DECISION

We affirm the district court's denial of attorney fees and costs sought pursuant to 42 U.S.C. § 1988 to appellants who successfully challenged several provisions of the Cruelty to Animals Act, Minn.Stat. §§ 343.22, 343.235, 343.29, in an action brought under 42 U.S.C. § 1983 against a municipality for enforcing state law.

Affirmed.

RANDALL, Judge (concurring specially).

As the majority correctly sets out, the district court, although giving appellants the decision on the merits, refused appellants' *907 request to impose substantial attorney fees on respondent, the City of Minneapolis. The district court cited its three reasons: (1) respondent's conduct had nothing to do with the constitutional infirmities alleged; (2) respondent had not violated appellants' due process rights; and (3) appellants' lawsuit only challenged "anticipatory enforcement" of the challenged provisions. The district court got it exactly right.

Appellants' claim for attorney fees has brought full circle the original intent behind section 1983 and turned it on its head.

Even a cursory examination of relevant cases shows that its intent was to punish people, including governmental entities, who, under a claimed "color of law" wilfully tried to end-run or violate a citizen's civil rights. It was not meant to financially impair or bankrupt communities and municipalities that are doing nothing other than following mandates of the state legislature.

That from time to time, state and federal courts declare a state or federal law, passed, with the high but rebuttable cloak of constitutionality, unconstitutional, surprises no one. Courts do not kick out legislative actions routinely; but they kick out legislative enactments enough that to declare a law unconstitutional, although not common, is not rare. If every time the courts declared a law unconstitutional, every municipality, every governmental entity in the state with law enforcement powers that had attempted to enforce what they thought to be good law could be sued, the end result is clear. Legislatures would pass no laws; if they did, municipalities would not enforce them.

The facts in Owen v. City of Independence, Mo., 445 U.S. 622, 100 S. Ct. 1398, 63 L. Ed. 2d 673 (1980), are instructive. The city of Independence, through unanimous resolution of its council, released to the public an allegedly false statement impugning the police chief's honesty and integrity. Owen, 445 U.S. at 627-28, 100 S. Ct. at 1404 The chief was discharged the next day, and the council's accusations received extensive coverage in the press. Id. The U.S. Supreme Court found that although the extensive and unfavorable press coverage did not technically "cause" the discharge, the defamatory and stigmatizing charges occurred in the course of terminating the chief's employment. Id. at 633-34 n. 13, 100 S. Ct. at 1406 n. 13. Further, the city twice refused the chief's request that he be given written specification of the charges against him and an opportunity to clear his name. Id. at 629, 100 S. Ct. at 1404. The United States Supreme Court held that under these circumstances, the city's actions deprived the chief of liberty without due process of law. Id. at 633-34 n. 13, 100 S. Ct. at 1406 n. 13.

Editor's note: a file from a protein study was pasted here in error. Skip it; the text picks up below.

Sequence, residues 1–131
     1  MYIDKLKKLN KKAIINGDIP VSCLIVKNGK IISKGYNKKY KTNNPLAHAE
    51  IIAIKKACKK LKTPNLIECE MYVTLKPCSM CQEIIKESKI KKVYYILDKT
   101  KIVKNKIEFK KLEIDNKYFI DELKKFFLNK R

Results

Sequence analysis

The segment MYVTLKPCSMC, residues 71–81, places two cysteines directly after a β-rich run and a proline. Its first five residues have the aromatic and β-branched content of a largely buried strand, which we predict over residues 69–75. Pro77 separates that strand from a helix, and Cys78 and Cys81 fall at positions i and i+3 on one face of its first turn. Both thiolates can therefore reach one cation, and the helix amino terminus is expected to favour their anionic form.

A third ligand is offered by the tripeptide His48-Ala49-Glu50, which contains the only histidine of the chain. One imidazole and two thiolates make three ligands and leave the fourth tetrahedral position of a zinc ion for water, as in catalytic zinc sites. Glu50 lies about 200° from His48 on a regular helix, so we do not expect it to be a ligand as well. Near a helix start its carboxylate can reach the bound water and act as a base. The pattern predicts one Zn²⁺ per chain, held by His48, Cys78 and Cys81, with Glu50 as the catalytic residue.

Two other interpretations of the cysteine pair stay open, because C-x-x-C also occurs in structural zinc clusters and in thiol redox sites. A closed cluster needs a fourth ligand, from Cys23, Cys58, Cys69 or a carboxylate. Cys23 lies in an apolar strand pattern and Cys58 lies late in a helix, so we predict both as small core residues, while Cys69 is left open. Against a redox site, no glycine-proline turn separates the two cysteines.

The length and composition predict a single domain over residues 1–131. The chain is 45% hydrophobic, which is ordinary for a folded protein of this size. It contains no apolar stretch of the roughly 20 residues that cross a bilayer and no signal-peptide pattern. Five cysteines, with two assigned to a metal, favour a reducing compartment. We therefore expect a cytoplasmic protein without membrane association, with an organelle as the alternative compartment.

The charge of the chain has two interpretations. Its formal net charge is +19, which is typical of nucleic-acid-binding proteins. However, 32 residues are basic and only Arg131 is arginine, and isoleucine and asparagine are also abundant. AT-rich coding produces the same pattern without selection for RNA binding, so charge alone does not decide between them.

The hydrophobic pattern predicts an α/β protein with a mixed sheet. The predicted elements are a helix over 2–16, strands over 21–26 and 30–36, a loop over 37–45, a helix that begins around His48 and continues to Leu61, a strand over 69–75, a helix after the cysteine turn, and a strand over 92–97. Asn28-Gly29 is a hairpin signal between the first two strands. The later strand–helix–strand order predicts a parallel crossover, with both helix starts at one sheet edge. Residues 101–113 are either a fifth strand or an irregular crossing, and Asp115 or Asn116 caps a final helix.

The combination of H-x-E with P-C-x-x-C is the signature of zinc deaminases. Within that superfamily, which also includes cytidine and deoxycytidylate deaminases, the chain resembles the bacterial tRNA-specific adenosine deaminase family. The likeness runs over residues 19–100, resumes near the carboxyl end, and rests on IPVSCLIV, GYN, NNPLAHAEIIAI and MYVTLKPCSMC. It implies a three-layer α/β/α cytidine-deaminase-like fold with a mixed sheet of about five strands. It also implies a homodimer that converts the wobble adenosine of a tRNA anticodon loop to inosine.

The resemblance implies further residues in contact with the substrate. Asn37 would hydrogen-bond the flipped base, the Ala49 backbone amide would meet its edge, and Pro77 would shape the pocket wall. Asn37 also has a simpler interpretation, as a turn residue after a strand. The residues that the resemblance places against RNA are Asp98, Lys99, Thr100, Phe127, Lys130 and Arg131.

The facts in Garner v. Memphis Police Dep't, 8 F.3d 358 (6th Cir.1993), cert. denied, ___ U.S. ___, 114 S. Ct. 1219, 127 L. Ed. 2d 565 (1994), are instructive:

On the night of October 3, 1974, a fifteen year-old, unarmed boy broke a window and entered an unoccupied residence in suburban Memphis to steal money and property. Two police officers, Elton Hymon and Leslie Wright, were called to the scene by a neighbor. The officers intercepted the youth as he ran from the back of the house to a six foot cyclone fence in the back yard. After shining a flashlight on the boy as he crouched by the fence, Officer Hymon identified himself as a policeman and yelled "Halt." He could see that the fleeing felon was a youth and was apparently unarmed. As the boy jumped to get over the fence, the officer fired at the upper part of the body, as he was trained to do by his superiors at the Memphis Police Department. He shot because he believed the boy would elude capture in the dark once he was over the fence. The youth died of the gunshot wound. On his person was ten dollars worth of money and jewelry he had taken from the house.

Id. at 360. These facts allowed the parents of the deceased to pursue a section 1983 action.

It does not take a detailed analysis of these cases to come to understand why federal courts allowed the suits, including the requests for attorney fees, to move forward. These cases are a far cry from the statute at issue, the Minnesota Cruelty to Animals Act, which was passed in an attempt to protect animals from improper treatment.

*908 Here, appellants' request for attorney fees might be successful if we had something akin to the following facts, which we do not: Acting under color of the Minnesota Cruelty to Animals Act, an animal control officer barges into a house without either a warrant or probable cause, snatches a pet right out of the arms of its owner, berates and verbally assaults the owner on a dubious charge of cruelty to animals and then, without more, stomps out through the door, and brings the animal to a pound.

If those facts could be established, I suspect that the individual law enforcement officer and his employing municipality would not get much sympathy from the courts in an effort to escape the imposition of attorney fees if they tried to hide behind the shield of "we were only operating under color of a good law." But we have nothing remotely approaching an egregious fact scenario here (a careful examination of the cases appellants cite to support their claim for attorney fees shows only egregious fact situations).

In contrast, appellants simply looked at what it thought was an unconstitutional state law and, properly so, went to court and made a claim that the law should be struck down. That they are allowed to do. But then, under the guise of cases built on egregious fact situations, to come into court and demand an additional $65,000 in attorney fees chargeable to the municipality, that they are not allowed to do.

NOTES

[*] Retired judge of the Minnesota Court of Appeals, serving by appointment pursuant to Minn. Const. art. VI, § 10.